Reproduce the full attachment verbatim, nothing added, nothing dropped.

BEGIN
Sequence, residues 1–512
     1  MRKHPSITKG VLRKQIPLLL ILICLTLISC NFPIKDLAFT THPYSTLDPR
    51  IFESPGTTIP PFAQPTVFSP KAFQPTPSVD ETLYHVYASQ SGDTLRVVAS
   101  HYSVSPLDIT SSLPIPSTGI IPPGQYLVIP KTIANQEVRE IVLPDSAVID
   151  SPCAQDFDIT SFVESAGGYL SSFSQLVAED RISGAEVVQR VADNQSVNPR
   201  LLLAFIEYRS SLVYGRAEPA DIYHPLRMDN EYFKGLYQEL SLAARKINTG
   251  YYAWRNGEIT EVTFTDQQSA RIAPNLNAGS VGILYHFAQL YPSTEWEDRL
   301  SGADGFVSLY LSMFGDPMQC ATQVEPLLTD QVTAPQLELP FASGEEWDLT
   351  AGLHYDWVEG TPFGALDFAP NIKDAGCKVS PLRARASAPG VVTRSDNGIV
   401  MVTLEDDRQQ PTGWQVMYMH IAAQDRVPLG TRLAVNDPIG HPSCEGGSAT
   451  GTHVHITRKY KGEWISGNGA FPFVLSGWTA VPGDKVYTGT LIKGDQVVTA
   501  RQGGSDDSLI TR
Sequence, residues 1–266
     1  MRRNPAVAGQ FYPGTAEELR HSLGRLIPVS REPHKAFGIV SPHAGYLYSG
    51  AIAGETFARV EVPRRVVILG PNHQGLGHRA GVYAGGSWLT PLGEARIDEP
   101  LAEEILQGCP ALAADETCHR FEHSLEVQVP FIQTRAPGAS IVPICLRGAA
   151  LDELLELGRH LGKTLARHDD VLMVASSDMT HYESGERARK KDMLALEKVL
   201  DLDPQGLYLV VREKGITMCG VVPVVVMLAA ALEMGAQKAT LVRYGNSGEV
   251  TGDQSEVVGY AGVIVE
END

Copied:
Sequence, residues 1–512
     1  MRKHPSITKG VLRKQIPLLL ILICLTLISC NFPIKDLAFT THPYSTLDPR
    51  IFESPGTTIP PFAQPTVFSP KAFQPTPSVD ETLYHVYASQ SGDTLRVVAS
   101  HYSVSPLDIT SSLPIPSTGI IPPGQYLVIP KTIANQEVRE IVLPDSAVID
   151  SPCAQDFDIT SFVESAGGYL SSFSQLVAED RISGAEVVQR VADNQSVNPR
   201  LLLAFIEYRS SLVYGRAEPA DIYHPLRMDN EYFKGLYQEL SLAARKINTG
   251  YYAWRNGEIT EVTFTDQQSA RIAPNLNAGS VGILYHFAQL YPSTEWEDRL
   301  SGADGFVSLY LSMFGDPMQC ATQVEPLLTD QVTAPQLELP FASGEEWDLT
   351  AGLHYDWVEG TPFGALDFAP NIKDAGCKVS PLRARASAPG VVTRSDNGIV
   401  MVTLEDDRQQ PTGWQVMYMH IAAQDRVPLG TRLAVNDPIG HPSCEGGSAT
   451  GTHVHITRKY KGEWISGNGA FPFVLSGWTA VPGDKVYTGT LIKGDQVVTA
   501  RQGGSDDSLI TR
Sequence, residues 1–266
     1  MRRNPAVAGQ FYPGTAEELR HSLGRLIPVS REPHKAFGIV SPHAGYLYSG
    51  AIAGETFARV EVPRRVVILG PNHQGLGHRA GVYAGGSWLT PLGEARIDEP
   101  LAEEILQGCP ALAADETCHR FEHSLEVQVP FIQTRAPGAS IVPICLRGAA
   151  LDELLELGRH LGKTLARHDD VLMVASSDMT HYESGERARK KDMLALEKVL
   201  DLDPQGLYLV VREKGITMCG VVPVVVMLAA ALEMGAQKAT LVRYGNSGEV
   251  TGDQSEVVGY AGVIVE